Pharma is taking full advantages of China’s benefits. Virtually owning part of a Chinese CRO’s facility and meanwhile relying on their service is another strategy they are currently pursuing in that country. For example, in September 2011, Merck Serono announced its first China R&D facility. What is interesting is that the R&D center is based within the Chinese CRO Pharmaron’s new campus at the Beijing Economic and Technological Development Area. In fact, this is the third example in which a major pharma takes part ownership of a local Chinese CRO; the other two are BMS and WuXi PharmaTech and Eli Lilly and ShangPharma.
We believe that this is just the beginning. Following the same pattern, more big pharma companies are expected to gradually expand their China presence in the same way.
Demand for Omics Research
To improve their R&D productivity, drug companies are focusing more on development of new technologies including genomics and proteomics. Companies are working on developing special animal disease models, more effective diagnostic and imaging tools, and better biomarkers.
Outsourcing demands for genomics and proteomics services has become strong in the recent years. Globally, this area still has a young service industry. Merck & Co. in September 2010 forged a close partnership with BGI. In the collaboration the two organizations work closely together on discovery and development of biomarkers and other genomics-related technologies that could be applied to drug discovery, development, and diagnostics for a range of therapeutic areas.
Outsourcing Demand by Local Chinese Companies
When multinationals out-license drug candidates to Chinese firms, their aim is to develop these candidates in China until they pass the proof-of-concept stage. In addition to support from government, the move is also fueled by the growing availability of funding in China, including venture capitals.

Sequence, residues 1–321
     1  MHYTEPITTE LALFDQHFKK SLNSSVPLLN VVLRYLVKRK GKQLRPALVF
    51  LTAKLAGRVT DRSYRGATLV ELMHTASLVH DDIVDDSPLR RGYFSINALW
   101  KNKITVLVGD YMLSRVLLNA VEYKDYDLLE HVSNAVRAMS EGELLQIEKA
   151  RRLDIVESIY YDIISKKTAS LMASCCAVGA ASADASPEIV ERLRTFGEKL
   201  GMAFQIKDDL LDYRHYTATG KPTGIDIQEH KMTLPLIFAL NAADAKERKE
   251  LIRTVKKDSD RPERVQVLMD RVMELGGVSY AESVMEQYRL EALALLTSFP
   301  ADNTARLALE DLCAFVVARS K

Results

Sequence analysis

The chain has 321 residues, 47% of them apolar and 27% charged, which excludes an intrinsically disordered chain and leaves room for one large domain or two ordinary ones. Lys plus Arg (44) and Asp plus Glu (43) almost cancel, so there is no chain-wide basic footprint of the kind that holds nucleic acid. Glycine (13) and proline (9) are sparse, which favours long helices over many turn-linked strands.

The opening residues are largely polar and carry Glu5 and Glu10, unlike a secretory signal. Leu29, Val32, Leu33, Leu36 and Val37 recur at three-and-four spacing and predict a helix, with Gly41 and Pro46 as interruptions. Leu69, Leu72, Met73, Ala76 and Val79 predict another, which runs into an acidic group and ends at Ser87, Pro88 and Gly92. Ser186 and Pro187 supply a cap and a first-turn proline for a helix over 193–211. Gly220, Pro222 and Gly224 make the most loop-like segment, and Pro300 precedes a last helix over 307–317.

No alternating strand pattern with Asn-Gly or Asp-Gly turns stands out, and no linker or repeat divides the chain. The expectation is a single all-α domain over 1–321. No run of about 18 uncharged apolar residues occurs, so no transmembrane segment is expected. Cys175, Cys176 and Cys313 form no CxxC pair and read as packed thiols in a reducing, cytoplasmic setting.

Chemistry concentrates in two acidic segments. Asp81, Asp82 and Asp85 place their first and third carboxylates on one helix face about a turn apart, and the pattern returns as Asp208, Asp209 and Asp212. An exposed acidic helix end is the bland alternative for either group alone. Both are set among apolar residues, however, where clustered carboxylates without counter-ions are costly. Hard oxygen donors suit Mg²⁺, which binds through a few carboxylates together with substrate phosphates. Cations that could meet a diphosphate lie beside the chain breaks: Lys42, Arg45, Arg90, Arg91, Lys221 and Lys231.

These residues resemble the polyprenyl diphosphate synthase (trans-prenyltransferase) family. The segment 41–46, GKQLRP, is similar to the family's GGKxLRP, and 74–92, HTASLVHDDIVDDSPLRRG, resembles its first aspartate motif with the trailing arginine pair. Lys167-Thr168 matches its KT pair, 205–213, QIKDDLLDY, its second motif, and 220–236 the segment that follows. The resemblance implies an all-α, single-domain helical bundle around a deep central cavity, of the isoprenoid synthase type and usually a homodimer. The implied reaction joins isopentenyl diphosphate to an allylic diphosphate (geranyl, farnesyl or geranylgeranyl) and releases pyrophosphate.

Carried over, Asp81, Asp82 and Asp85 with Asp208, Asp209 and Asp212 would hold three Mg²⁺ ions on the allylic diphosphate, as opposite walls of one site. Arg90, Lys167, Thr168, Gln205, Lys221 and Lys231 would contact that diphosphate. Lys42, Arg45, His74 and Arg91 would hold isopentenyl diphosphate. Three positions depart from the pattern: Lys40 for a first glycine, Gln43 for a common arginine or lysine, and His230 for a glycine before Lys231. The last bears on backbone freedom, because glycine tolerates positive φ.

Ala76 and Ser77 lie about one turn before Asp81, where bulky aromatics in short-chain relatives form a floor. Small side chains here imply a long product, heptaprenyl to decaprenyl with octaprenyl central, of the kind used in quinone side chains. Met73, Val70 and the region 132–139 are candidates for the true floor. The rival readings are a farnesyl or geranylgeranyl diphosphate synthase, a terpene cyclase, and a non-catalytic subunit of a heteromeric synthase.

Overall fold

Most these young Chinese drug companies operate on a virtual model. They thus have to use services from local CROs/CMOs. Presently, their outsourcing need is primarily centered in the early-stages of development. Although, this part still accounts for a small portion in the total China pharma outsourcing market, as more of these companies emerge in China and their programs progress forward, more outsourcing needs is expected from these companies in the near future.
Outlook of China’s Services Market
At present, multinational companies are still the main customers for almost all China-based CROs and CMOs: 60–65% of customers is pharma, 20–25% is small biotech, and 10–15% is domestic companies. The future growth of the Chinese market is thus still largely dependent upon the development of the global pharmaceutical and biotechnology industry.
Many pharma companies have also realized that China is becoming the R&D center of Asia and even the world as well. China’s rich availability of large talent pools provides firms with advantage and ease to form a networked partnership while they establish their own R&D facilities in the country. Therefore, in spite of the less optimistic economic environment currently surrounding the global pharma and biotech industry, the Chinese pharma market is believed to experience healthy growth in the near future.
Jim J. Zhang, Ph.D. (firstname.lastname@example.org), is president and managing director of JZMed, a market research and consulting company that is specialized in the research of the global pharmaceutical outsourcing industry. This article is written partially based on the firm’s latest research report titled China Pharma Outsourcing Annual Review 2011. Ph.: (518) 477-4831.